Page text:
Originally conceived as Lille’s bid for the European Medicines Agency, the Biotope is an office building with a focus on promoting health and wellness. Now as the new home for the municipal offices of the Métropole Européenne de Lille, the building continues the original intention by creating a work environment uniquely entwined with the natural environment. Conceived as a ripple made of glass, light, and vegetation, these three core elements form the building blocks of the design, where abundant daylight, ventilation, and nature contribute to the wellbeing of the municipal workers of the city of Lille.
The Biotope is located on the eastern edge of central Lille, a northern French city closely connected with Belgium, Netherlands, and the UK. Nestled between the Grand Palais convention center and the Regional Council for the Hauts-de-France region, it is a prominent addition to this bustling corridor. In the absence of space for a sperate ground level park — the building is constrained by a sprawling highway on one side and a busy road on the other— we have made the footprint of the building and the park one and the same. Greenery travels up and around the Biotope as a natural extension of the city’s Green Ring running through the site.
Large glass facades link interior office spaces seamlessly with the numerous outdoor spaces populating the building’s exterior. The design for the Biotope is guided by the belief that nature is not only important for productive and healthy employees, but also important in itself. In addition to the six terraced gardens crowning the building, the top technical floor is covered by a biodiverse garden inaccessible to workers. Here, local plant and wildlife can flourish without any human intervention. Our design recognizes that beautiful buildings must also be socially and environmentally sustainable, which the Biotope achieves as the recipient of BREEAM Excellent, WELL Gold, E+C-, Biodiversity, and Wiredscore certificates. Like everything else in the Biotope, the angled glass panels are both beautiful and functional; the double skin facade regulates the interior temperature, reducing carbon emissions from heating the building.
The Biotope creates a biodiverse ecosystem in the midst of the city. Derived from the Greek expression for “Place of Life”, the expansive network of terraced gardens, balconies, and bridges are the breeding grounds for over 65 species of plants. The Biotope creates a habitat for local plant and wildlife complete with nesting boxes, collected rainwater, and fertile substrates. Thanks to the birds and the wind that will both transport and seed the substratum, there’s no need for human intervention for plant life to flourish. Rather than conceiving of nature as a separate amenity to escape the office environment, the design for Biotope reverses the equation: how can our work and social spheres be integrated with and support nature?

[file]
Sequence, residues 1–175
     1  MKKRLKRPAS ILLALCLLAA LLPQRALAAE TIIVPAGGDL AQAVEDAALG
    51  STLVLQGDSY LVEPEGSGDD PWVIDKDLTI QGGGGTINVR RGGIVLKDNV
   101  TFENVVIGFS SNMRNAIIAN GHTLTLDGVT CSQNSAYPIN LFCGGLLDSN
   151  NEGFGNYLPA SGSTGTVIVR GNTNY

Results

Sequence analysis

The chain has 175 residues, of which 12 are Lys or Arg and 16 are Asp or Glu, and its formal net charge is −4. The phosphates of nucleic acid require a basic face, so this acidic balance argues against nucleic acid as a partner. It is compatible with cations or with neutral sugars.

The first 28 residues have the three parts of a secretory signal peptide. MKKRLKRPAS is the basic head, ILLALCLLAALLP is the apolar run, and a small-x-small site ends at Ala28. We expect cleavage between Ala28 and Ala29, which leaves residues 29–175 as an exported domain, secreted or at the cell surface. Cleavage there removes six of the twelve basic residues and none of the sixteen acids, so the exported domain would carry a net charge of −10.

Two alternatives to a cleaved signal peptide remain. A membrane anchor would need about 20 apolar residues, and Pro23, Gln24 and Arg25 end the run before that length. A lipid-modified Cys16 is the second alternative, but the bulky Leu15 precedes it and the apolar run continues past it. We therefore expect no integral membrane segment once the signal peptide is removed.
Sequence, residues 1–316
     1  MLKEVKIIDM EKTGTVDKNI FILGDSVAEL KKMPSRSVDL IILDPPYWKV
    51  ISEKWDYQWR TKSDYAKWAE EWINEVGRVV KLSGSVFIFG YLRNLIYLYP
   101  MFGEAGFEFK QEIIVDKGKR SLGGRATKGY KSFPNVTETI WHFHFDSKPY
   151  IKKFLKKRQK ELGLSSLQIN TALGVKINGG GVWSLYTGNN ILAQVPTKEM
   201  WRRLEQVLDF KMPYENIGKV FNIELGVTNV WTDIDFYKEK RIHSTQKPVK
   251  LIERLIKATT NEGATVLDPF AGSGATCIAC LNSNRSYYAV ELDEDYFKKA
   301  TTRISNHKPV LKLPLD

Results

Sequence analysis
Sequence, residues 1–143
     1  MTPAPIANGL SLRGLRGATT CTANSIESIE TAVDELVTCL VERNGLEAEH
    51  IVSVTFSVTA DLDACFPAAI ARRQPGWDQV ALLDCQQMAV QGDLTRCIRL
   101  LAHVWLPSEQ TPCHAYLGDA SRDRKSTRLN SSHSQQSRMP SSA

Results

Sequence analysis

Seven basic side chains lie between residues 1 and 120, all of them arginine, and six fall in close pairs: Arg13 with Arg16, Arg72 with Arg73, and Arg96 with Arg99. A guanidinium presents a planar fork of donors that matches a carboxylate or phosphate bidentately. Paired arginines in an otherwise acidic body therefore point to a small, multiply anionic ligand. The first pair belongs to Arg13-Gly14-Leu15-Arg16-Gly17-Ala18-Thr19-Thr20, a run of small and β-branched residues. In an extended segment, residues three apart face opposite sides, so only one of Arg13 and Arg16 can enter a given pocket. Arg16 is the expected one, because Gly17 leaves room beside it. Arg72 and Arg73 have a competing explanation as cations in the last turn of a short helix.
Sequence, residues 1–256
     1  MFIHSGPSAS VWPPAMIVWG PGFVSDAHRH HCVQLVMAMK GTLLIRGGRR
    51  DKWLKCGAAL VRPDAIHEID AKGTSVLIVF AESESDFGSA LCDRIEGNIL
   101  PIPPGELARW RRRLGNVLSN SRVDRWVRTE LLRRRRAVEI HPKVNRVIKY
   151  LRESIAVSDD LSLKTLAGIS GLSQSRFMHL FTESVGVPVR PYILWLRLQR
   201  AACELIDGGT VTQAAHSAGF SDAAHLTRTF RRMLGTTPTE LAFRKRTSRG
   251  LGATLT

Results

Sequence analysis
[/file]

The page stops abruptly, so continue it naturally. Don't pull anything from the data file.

From a human perspective, the landscaping provides a comfortable microclimate to take a moment of respite filled with diverse sights and scents. The building’s green layer creates a reduction of urban noise and brings temperatures in the shade between 2 and 8°C lower than those in the city. Equally important, however, is its contribution to more sustainable city, as the plants naturally sequester CO2.
The serpentine floor plan follows a roughly figure-eight path, a stark departure from the traditional corridor-style office building. Instead, employees circulate through a winding trail of skybridges, balconies, and rooftop gardens. Ending up on one of the open-air balconies lining the interior perimeter or a rooftop garden is inevitable by design. Every floor has access to outdoor space, creating an equal and democratic distribution of nature across the office. Employees seated on any balcony are surrounded by the transparent interior facade, creating an open view of the municipality at work and reflecting the circular office environment. As you move up the building, terraced gardens and balconies offer different vantage points for municipal employees to look out onto the Lille cityscape. Most importantly, every greenspace has an unobstructed entry point, meaning that they are easily accessible to anyone in the building.
Drawing on Scandinavian design tradition, we develop vibrant, sustainable architecture that extends beyond itself and provides lasting value to the users and local context. We were founded in 1959 by Danish architect Henning Larsen, whose name we are proud to carry today. Our architectural approach is based on curiosity and artistic audacity, resting on a solid foundation of knowledge-based design and attention to detail. We design our projects as generous gestures, reaching out to their audience and allowing them to experience the unexpected.
Our projects are born out of a non-hierarchical work environment and strong local presence. We are based in Copenhagen, with local offices in New York, Munich, Hong Kong, Riyadh, Oslo, and the Faroe Islands.